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  • Robert Farago

Pre-Thanksgiving Anxiety

A dreaded family reunion

I’m anxious as hell. In two day’s time, the Farago family will gather in the City of Angels for the first time in seven years. The backstory….

Peter and Daphne Farago were immigrants, from Hungary and South Africa respectively.

My father was a Holocaust survivor; his parents and extended family were exterminated. Father managed to get his two brothers to the United States. I saw them and their children maybe twice, and never since.

By the time she left Johannesburg, my mother’s parents were both dead in tragic circumstances. I met my mother’s sister and her husband briefly in what was then Rhodesia. Again, no further contact.

I grew up in the most nuclear of nuclear families: my parents, my two older brothers and me. I was the last born. My brothers were closethanthis. They had little to nothing to do with me.

As the children of traumatized refugees, the three of us suffered what’s called trans-generational trauma.

I got the worst of it. My mother physically and emotionally abused me. My father was unequipped to intervene.

I suffered textbook symptoms of the syndrome: feelings of guilt and shame, depression, antisocial and disruptive behavior and, wouldn’t you know it, hyper-arousal.

I like to think I’ve overcome most if not all of these issues. There’s one psychologists don’t recognize that bedevils me still: loneliness.

Not to put too fine a point on it, I grew up alone. I didn’t have a close friend until High School, and no “friend group.” I still have few friends, who tend to drop off after a while.

My brothers and I have no relationship to speak of. Same for their six children. I have never met nor spoken to my eldest brother’s grandchildren.

Perhaps you can understand my anxiety, meeting my semi-extended family after seven years, knowing that the next meeting will be in the far flung future. If at all.

I have no doubt I’ll get along with all and sundry. I’m nothing if not gregarious. I harbor no ill will towards any of them. Even if this get-together proves to be a damp squib, I’ll be meeting two of my daughters, with whom I’m lovingly close. But the dangers are legion.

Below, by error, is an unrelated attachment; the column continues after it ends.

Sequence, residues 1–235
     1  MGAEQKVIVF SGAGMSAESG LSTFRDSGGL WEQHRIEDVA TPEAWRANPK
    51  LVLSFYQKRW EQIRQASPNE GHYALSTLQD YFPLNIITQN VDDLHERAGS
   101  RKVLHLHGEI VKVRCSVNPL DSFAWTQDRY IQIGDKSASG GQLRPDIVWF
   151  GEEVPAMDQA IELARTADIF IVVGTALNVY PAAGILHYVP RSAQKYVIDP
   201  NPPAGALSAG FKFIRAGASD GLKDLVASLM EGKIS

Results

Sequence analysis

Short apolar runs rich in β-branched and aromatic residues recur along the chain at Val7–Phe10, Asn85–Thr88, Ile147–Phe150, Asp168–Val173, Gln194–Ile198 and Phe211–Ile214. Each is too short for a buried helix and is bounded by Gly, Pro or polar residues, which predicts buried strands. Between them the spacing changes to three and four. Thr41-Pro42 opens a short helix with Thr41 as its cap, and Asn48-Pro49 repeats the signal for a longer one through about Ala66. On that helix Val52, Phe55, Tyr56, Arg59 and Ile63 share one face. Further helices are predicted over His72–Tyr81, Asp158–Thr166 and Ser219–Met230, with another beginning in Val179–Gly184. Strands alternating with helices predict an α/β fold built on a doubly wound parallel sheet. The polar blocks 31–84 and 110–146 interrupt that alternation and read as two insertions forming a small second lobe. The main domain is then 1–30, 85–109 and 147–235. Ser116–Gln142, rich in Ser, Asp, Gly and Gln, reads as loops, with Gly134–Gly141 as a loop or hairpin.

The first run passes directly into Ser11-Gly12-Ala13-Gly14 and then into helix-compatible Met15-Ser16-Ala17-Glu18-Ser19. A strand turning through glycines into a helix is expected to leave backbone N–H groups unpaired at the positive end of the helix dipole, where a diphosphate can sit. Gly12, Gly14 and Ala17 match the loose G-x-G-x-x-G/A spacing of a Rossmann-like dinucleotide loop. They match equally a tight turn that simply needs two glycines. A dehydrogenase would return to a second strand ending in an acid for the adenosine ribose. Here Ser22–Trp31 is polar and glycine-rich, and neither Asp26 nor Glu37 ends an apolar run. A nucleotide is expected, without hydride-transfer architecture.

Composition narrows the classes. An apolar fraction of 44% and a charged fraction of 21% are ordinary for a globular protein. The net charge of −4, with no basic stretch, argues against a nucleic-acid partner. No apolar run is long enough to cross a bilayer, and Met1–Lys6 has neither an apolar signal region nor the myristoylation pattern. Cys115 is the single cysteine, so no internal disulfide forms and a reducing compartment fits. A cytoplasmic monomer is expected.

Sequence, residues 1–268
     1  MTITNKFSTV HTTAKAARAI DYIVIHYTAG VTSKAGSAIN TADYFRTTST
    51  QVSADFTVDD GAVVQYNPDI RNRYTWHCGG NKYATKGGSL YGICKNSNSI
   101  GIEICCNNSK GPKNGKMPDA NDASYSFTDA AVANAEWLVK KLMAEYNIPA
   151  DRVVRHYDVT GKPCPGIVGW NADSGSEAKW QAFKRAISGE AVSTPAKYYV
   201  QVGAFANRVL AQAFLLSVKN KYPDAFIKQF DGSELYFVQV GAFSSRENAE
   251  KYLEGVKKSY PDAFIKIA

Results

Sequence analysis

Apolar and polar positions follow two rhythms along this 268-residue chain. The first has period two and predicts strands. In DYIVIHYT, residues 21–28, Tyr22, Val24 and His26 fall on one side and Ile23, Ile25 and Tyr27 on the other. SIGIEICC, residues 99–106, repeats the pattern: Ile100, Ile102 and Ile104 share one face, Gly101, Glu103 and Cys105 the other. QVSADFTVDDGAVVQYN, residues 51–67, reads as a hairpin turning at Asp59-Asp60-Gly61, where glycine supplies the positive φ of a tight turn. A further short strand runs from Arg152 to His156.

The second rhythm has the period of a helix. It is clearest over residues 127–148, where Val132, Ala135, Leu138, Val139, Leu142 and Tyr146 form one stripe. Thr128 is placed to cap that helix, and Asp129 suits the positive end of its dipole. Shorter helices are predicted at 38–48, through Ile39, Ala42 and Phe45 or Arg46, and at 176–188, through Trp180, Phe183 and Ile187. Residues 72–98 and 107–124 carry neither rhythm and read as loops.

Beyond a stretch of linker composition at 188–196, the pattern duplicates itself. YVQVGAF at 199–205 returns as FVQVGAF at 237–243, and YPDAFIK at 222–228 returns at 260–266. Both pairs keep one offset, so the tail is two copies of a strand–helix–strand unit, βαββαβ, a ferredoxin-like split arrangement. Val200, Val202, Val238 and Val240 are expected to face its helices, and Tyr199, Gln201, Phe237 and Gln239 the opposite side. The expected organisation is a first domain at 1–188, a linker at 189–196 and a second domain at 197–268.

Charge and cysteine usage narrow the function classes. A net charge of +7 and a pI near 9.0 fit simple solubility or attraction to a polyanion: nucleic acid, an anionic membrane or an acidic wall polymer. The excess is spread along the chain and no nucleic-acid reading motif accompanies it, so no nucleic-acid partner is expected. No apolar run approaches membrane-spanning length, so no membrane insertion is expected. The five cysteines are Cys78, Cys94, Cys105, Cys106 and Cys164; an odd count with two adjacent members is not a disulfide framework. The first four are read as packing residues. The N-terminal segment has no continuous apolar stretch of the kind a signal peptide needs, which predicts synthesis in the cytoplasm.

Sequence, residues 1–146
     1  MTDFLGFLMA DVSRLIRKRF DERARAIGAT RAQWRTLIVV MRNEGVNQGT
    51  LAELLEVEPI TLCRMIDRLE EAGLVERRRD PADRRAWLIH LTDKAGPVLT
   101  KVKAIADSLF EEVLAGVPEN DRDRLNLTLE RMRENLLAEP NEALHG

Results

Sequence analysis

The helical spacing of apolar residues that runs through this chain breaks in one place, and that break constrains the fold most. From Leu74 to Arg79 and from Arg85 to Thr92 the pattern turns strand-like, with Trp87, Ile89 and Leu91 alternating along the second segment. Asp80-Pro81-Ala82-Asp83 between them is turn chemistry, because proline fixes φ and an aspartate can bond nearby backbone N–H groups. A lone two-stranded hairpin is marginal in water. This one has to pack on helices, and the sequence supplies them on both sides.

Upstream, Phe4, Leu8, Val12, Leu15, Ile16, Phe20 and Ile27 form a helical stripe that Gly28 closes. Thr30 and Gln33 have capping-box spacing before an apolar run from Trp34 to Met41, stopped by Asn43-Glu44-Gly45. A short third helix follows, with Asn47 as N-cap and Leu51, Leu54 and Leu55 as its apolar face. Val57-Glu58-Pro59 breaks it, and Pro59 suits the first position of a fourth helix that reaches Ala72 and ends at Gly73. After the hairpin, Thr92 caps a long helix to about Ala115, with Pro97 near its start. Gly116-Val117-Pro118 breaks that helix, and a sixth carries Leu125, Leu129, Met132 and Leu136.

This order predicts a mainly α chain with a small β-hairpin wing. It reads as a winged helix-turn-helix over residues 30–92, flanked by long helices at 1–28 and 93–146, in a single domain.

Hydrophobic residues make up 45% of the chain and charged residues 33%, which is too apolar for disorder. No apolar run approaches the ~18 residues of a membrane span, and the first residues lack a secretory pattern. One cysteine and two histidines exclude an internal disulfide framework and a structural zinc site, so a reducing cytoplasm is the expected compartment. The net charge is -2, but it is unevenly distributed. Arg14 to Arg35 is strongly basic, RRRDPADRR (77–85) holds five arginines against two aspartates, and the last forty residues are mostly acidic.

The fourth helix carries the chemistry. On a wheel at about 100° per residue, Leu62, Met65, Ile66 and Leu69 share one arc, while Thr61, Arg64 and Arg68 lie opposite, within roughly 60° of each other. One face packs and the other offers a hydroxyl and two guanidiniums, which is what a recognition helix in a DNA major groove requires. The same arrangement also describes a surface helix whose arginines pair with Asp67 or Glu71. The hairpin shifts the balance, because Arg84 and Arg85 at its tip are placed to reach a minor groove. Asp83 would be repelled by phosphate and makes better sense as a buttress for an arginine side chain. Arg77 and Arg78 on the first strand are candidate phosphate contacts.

When people reunite with their “original family” they inevitably fall back into the role established in their youth. I’m not Robert Farago, successful writer. I’m the third wheel.

I’ve made my peace, indeed my fortune out of being a lone wolf. But being on the outside looking in at my brothers and their families has traditionally triggered bouts of depression. An affliction that I’ve worked hard to overcome, yet still sits outside, waiting to come in.

On the positive side, well, let me tell you a story…

The last Thanksgiving with both parents was a catered event in Florida. I was sitting next to my oldest brother. At some point, he made a snide remark, implying I was gay.

I’m occasionally bisexual; I have no problem being it or admitting it. No one in my family is homophobic. His comment was pure offhand meanness, masquerading as a joke.

My reply came out of my mouth unbidden, from somewhere deep inside.

“Hey Alan, fuck you.”

The entire gathering stopped dead in its tracks. Everyone looked at me. My brother said something meant to take the wind out of my sails.

“No Alan,” I said. “Fuck you.”

After more than forty years feeling like the second rate out-of-control also-ran black sheep, in a single instant, something changed. I relieved myself of the burden of trying to prove my worth to my family.

Despite embarrassing my father, I was glad to finally separate from the past. Again, I harbor no ill will towards my eldest brother or any other cast member in the psychodrama that made me who I am.

They have their issues, I have mine. Good luck to us all.

I’d like to think, I hope I won’t revert to the “old me” when I see my bothers and their family over Thanksgiving. I know I’m not the only one facing this challenge.

To those of you who can relate, I offer a piece of advice from Charles Orlando: “You don’t let go of a bad relationship because you stop caring about them. You let go because you start caring about yourself.”

If there’s one person in your life who loves and respects you for who you are, warts and all, let that be enough. If there isn’t, stand fast. You are not alone.

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